Wednesday, 2 December 2015

Town Planning - may the force be with you.

Long, long ago, not far away (from where I now live in Thornton Cleveleys, Lancashire), there was a stretch of coastline that was bleak marshland, inhabited only by seabirds and wildlife.  Wild winds blew the sand onto sea grasses and over eons, a chain of sand dunes developed, (probably occupied by sand people  - oh don't worry - there are only 16 days to The Force Awakens - for anyone who is not a Star Wars fan, I hope you will stick with me for a while - at least to read the poem at the end). The largest sand dune was named by locals as Top Hill.

As we know, under the feudal system, areas of this country were divided up and came under the auspices of Lords and this land of dunes was part of the estate of Lord Hesketh. His son and heir, young Peter used to have picnics with his family on Top Hill and he would look out from the summit at the incredible views, imagining that he was a sky-walker.  The force was strong with Peter.  He had a vision for the future, so he added his mother's name, Fleetwood to his own and set out to design and build his own Utopia on the Fylde Coast.

At this stage in the story, Peter joins forces with a Jedi Master in the shape of architect Decimus Burton.  The two now discuss Peter's extraordinary plan to build an incredible oasis in the sand dunes. It is to be a port to rival Liverpool and a holiday resort better than St Leonard's on Sea. In 1839 the two draw up plans for Fleetwood: a stylish resort of elegant avenues, emanating from a central point at Top Hill. Burton sets to work on the construction of a Chinese pagoda tea room that will be a vantage point for viewing the town as it is developed.

As we know, the force has a dark side. Our hero, Peter will need to convince people to come to his new resort.  Big, bold, brassy Blackpool is a mere six miles away and already has the attention of the working-classes. Peter needs a hook. He decides to invest his inheritance, to keep it away from Darth Tax-Collector, in building an extended railway line from Preston. This is a canny manoeuvre: the railway cannot yet carry passengers over Shap and beyond into the land of Scots.  On completion of the railway line, passengers travelling North can now alight at Fleetwood, stay at the North Euston Hotel, (another Burton building) and then embark for The Lake District and beyond by steamer ship.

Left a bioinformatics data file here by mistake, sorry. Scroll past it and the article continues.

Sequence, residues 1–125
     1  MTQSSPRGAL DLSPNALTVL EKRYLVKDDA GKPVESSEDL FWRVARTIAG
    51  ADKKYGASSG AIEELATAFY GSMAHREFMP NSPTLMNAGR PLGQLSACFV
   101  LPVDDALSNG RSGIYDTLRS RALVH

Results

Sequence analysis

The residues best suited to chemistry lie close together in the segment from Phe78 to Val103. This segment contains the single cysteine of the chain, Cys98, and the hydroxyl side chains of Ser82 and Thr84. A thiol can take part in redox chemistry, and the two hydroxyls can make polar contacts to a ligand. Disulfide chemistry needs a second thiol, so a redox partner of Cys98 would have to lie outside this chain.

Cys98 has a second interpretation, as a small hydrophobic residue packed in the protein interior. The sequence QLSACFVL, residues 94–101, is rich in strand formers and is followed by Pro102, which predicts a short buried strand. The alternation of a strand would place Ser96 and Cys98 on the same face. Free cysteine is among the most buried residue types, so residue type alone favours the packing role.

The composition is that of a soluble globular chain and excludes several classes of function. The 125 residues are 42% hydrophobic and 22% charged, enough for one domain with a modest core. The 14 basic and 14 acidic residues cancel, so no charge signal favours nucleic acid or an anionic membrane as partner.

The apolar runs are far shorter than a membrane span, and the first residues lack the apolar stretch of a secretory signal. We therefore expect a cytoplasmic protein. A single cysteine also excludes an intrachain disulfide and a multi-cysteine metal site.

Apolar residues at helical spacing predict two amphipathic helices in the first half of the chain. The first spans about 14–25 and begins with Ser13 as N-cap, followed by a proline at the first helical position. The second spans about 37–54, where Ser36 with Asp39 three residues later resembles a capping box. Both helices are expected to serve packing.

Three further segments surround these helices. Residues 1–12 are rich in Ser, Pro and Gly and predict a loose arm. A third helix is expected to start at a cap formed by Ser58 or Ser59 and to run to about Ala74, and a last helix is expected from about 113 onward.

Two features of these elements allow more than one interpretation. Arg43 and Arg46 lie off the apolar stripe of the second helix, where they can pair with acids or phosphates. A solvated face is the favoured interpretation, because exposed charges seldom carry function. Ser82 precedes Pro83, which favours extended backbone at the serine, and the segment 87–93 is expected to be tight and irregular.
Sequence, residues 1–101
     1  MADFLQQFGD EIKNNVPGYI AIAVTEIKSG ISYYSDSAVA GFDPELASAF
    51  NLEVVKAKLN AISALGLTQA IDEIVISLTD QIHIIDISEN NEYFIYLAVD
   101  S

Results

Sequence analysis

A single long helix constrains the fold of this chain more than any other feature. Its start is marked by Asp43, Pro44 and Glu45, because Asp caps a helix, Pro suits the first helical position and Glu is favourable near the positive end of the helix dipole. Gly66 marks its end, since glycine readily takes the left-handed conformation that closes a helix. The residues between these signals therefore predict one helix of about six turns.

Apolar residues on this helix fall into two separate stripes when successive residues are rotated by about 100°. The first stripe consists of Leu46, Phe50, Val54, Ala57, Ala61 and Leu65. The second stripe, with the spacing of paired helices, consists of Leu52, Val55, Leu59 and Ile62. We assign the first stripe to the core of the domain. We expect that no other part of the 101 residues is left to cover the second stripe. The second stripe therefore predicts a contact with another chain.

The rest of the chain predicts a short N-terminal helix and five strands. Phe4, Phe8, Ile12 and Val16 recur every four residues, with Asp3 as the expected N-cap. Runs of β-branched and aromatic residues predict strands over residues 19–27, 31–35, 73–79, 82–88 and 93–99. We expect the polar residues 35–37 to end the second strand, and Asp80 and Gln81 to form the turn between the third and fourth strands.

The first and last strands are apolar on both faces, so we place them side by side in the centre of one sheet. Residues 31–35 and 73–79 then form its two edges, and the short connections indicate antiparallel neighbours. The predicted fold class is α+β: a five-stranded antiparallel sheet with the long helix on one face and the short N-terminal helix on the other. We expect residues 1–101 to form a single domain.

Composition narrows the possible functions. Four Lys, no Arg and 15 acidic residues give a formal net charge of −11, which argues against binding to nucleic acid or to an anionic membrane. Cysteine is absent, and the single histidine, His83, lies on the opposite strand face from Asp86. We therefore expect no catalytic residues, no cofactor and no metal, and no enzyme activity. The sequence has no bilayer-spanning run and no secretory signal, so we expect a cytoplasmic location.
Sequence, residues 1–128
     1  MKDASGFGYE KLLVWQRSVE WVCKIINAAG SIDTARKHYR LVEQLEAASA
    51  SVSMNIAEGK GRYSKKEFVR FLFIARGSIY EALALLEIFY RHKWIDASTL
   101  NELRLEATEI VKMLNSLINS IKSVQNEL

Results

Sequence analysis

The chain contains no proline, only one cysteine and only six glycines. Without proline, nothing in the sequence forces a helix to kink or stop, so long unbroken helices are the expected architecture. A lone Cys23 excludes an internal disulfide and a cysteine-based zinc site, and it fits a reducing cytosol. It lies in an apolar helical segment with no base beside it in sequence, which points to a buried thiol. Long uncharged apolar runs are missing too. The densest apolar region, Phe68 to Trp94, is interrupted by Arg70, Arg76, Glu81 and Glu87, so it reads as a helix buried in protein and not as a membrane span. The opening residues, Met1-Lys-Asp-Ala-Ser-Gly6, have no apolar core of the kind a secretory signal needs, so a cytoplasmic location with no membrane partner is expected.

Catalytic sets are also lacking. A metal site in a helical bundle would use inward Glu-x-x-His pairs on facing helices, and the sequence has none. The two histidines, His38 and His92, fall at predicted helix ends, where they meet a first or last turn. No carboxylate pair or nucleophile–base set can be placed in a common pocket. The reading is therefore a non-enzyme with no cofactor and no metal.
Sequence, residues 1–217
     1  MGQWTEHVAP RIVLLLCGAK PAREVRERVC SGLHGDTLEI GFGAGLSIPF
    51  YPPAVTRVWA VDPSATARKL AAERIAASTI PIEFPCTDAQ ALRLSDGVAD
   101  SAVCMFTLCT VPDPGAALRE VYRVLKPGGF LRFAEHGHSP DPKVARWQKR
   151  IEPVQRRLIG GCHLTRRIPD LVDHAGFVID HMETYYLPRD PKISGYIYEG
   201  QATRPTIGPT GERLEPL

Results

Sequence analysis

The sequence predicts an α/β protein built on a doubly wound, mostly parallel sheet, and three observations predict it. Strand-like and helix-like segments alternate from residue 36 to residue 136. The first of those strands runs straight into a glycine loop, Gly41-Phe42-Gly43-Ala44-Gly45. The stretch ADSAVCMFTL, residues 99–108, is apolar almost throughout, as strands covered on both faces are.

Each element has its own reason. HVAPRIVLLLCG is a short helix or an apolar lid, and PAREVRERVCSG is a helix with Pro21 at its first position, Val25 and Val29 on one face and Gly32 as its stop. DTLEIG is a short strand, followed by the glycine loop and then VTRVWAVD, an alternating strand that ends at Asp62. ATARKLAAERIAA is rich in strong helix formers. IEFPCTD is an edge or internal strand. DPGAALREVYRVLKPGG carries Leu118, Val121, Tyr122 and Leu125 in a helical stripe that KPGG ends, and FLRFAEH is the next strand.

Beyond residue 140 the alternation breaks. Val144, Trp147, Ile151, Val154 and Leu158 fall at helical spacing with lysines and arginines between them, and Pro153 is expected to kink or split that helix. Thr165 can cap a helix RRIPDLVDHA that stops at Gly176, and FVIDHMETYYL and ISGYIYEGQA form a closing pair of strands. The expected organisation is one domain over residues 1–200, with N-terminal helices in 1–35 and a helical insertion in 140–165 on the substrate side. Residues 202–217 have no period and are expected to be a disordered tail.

Decimus Burton designs and builds three light houses that, when aligned, can safely guide ships into the difficult Wyre Estuary. Soon Fleetwood is a fashionable resort and comes to the attention of Prince Albert, consort of the newly crowned Queen Victoria, who decide to pay a visit... Peter takes the Prince up to the summit of Top Hill to view the town.  Naturally there are many other events in the story of Fleetwood. This is just the beginning...
 


  


On Top Hill 

Misty windows soaked with spray,
shroud from me the timeless view
of mountain back-dropped Morecambe Bay,
once reserved for privileged few,
who picnicked on Top Hill.

And as he looked out from the rise,
at seascape skirting, rolling skies
with sweeping landscapes every side,
Lord Hesketh-Fleetwood was inspired
by standing on Top Hill.

Just like a crow’s nest on the sea
he set his structure at the peak,
Chinese pagoda serving tea,
a charming central place to meet,
to chatter on Top Hill.

And seen from high on grassy Mount,
stylish avenues began.
a visionary plan, splayed out
designed just like a Chinese fan,
extending from Top Hill. 

They came from near and far and wide,
by ship and railway, powered by steam.
Prince Albert brought his blushing bride
to share the joy of Peter’s dream
and whistle from Top Hill.

Thanks for reading.  Adele

Reactions:

1 comments:

Lady Curt said...

An enjoyable "twist" ...